Currently, the Hepeviridae family is subdivided into Orthohepevirus A–D. Orthohepevirus A encompasses seven genotypes, with genotypes 1 and 2 only infecting humans, while genotypes 3–7 are zoonotic7. More distant from human HEV is the avian-specific Orthohepevirus B, Orthohepevirus C (infects mink and ferret), and Orthohepevirus D (infects bats). A variety of model systems for the study of HEV have been developed. Virus-like particles (VLPs) arising from the self-assembly of the core protein (ORF2) were one of the first models used to study the structure of the virus, its entry process, and its vaccine potential. The establishment of infectious cDNA clones and replicon systems for cell culturing and the development of persistently infected cell lines has greatly improved the knowledge regarding HEV, although these systems have some disadvantages, such as low viral titers. Furthermore, the lack of a robust animal model is a major drawback, although recent reports regarding the infection of mice, pigs, rats, chicken, and tree shrews by HEV will help to provide a more detailed understanding of the HEV infection process8,9. In this review, the current knowledge of the hepatitis E virus life cycle, the established model systems, and the status of vaccine development will be discussed.

HEV entry

The hepatitis E virus can present as either a nonenveloped virus, where the capsid shell interacts with the surrounding environment, or as a quasi-enveloped virus, where the capsid is coated with an exosomal membrane (Fig. 1). Although both viral forms are infectious, the nonenveloped virus is 10 times more infectious than the quasi-enveloped form10,11. Negative contrasting and immunoelectron microscopy have shown that the nonenveloped virus has a diameter of ~30 nm, whereas the larger exosomal coated eHEV is ~40 nm in diameter11,12. The infectivity of HEVs derived from sera and cell culture supernatants was observed to be significantly lower than that of HEVs derived from stool and urine, reflecting the presence of quasi-enveloped and nonenveloped HEVs in the former and latter sample types, respectively10,13.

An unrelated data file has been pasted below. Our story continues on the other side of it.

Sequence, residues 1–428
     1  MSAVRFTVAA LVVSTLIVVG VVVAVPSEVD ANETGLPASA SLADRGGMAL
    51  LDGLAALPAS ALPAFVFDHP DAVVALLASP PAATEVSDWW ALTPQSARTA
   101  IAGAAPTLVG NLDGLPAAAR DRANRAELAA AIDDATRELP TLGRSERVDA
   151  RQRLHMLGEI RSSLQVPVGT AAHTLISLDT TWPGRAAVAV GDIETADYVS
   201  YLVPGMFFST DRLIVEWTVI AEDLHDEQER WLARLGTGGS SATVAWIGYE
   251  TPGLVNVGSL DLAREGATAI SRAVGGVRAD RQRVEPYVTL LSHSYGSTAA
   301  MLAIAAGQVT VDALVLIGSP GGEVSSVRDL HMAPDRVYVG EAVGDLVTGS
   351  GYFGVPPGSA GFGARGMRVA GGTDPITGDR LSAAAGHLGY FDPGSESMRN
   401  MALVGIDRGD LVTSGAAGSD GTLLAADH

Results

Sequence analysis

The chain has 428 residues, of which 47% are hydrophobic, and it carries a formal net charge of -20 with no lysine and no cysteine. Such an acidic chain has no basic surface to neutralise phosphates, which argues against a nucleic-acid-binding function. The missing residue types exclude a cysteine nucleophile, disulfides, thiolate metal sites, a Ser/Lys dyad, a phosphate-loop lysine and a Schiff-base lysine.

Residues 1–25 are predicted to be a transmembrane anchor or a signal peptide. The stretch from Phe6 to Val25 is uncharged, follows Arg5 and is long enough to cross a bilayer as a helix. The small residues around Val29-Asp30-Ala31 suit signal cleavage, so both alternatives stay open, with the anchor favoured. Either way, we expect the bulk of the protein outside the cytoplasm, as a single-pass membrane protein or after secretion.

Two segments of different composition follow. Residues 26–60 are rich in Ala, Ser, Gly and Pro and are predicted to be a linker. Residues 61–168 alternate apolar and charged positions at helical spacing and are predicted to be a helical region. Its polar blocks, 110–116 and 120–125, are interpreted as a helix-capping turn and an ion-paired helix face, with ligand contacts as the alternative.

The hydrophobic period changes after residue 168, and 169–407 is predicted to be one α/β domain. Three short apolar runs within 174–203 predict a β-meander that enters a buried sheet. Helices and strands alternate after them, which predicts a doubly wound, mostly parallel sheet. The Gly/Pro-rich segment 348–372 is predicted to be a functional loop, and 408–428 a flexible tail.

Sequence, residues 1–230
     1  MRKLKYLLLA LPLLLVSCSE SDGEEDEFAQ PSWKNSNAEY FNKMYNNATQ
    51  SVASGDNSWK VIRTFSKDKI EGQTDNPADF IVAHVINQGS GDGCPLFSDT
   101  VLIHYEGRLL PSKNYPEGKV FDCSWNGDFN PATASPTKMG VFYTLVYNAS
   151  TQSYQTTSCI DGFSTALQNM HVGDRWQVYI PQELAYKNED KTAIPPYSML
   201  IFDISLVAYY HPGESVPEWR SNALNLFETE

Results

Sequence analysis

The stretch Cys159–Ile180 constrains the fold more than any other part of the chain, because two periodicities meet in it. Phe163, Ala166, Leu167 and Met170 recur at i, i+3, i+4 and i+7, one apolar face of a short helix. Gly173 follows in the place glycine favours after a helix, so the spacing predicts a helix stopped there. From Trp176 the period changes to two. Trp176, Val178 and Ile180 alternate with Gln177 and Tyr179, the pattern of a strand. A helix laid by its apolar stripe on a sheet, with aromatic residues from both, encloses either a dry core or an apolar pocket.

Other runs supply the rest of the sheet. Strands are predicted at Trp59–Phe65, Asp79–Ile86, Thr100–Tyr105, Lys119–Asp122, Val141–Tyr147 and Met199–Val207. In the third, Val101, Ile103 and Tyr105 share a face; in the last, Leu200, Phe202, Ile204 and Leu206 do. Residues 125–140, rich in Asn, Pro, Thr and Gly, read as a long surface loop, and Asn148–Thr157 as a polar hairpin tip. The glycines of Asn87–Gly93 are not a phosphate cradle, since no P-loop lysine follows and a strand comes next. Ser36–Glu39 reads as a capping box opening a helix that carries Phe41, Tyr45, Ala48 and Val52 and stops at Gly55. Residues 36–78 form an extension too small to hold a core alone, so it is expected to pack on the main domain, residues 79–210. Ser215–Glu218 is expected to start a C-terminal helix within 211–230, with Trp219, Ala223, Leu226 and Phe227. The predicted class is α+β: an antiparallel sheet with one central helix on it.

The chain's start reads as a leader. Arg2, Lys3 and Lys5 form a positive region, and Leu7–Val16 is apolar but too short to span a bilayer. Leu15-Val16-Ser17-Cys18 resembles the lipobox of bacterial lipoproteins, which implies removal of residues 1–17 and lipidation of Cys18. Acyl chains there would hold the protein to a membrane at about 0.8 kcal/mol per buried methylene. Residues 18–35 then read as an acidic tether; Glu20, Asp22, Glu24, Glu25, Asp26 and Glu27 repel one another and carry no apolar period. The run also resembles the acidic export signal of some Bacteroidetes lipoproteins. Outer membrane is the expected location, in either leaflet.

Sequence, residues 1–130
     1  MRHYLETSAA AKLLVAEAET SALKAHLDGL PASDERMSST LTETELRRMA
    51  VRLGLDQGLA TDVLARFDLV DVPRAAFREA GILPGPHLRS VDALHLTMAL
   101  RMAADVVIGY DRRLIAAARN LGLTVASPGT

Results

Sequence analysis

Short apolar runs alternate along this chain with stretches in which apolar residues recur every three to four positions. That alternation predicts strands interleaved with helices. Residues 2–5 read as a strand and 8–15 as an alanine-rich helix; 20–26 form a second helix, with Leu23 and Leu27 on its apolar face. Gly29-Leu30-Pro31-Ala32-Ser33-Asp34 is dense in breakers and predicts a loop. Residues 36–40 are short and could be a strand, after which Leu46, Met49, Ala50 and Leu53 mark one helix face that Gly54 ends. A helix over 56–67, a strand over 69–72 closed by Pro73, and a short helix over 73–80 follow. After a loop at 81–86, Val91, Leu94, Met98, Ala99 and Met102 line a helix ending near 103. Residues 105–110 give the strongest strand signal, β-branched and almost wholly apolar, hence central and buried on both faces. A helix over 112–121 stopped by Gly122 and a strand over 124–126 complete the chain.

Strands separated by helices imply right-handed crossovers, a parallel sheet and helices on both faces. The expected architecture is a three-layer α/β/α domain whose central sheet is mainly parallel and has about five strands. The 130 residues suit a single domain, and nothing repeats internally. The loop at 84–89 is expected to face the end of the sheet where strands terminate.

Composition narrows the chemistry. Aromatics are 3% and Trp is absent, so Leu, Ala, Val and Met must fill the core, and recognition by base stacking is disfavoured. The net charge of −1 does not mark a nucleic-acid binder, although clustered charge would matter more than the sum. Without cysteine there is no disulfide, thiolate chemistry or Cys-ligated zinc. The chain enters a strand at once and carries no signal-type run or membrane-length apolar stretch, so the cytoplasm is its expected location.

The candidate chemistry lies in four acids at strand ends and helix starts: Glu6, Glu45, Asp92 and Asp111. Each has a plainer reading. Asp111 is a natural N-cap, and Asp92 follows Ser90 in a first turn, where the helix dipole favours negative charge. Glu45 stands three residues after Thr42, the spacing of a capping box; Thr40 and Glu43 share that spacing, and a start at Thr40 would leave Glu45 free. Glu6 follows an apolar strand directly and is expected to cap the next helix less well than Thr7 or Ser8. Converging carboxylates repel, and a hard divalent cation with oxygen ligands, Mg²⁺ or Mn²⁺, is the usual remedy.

Fig. 1
Fig. 1

Schematic illustration of nonenveloped HEV (found in the feces of infected patients) and of the quasi-enveloped form (found in the serum of infected patients and in cell culture supernatant of HEV-replicating cells)

Viral nucleic acids are encased by a capsid and that is eventually covered by a membrane to protect the viral genome from environmental damage, which also facilitates viral binding and entry into host cells. Thus, the membrane must be stable enough to protect the viral nucleic acid but labile enough to undergo conformational changes upon contacting a host cell to promote its entry into the cell and allow for the release of the viral genome for replication. For enveloped viruses, the cellular uptake step is relatively well characterized, starting with the attachment of the virus to the cell surface, which normally results in the recruitment of several factors necessary for viral uptake by receptor mediated endocytosis.

For nonenveloped viruses, the entry process can be very different. Although the initial cellular uptake steps of nonenveloped viruses may be similar to those of enveloped viruses, such as attachment and the recruitment of several factors to the site of entry, no membrane fusion can occur. In these viruses, a conformational change of the core protein often occurs that results in the penetration of the outer membrane. The bottleneck for HEV is that a high multiplicity of infection is necessary to establish an ongoing infection. Unfortunately, the production of HEV in cell culture reaches poor titers of ~106 genomes/ml.

The uptake mechanisms for most viruses are frequently based on endocytosis, including clathrin-mediated endocytosis (CME), caveolae-mediated endocytosis, and macropinocytosis. CME is characterized by the polymerization of clathrin at the cytoplasmic phase of the membrane inducing the formation of an invagination and a subsequent endosome. Because hepatitis E virus can exist as either a nonenveloped HEV or a quasi-enveloped eHEV, it was unclear whether both forms are internalized by the same entry mechanism. As described below, a number of studies have shown that the entry mechanisms for both forms appear to differ, with recent findings indicating that at least HEV uptake depends on CME10,14.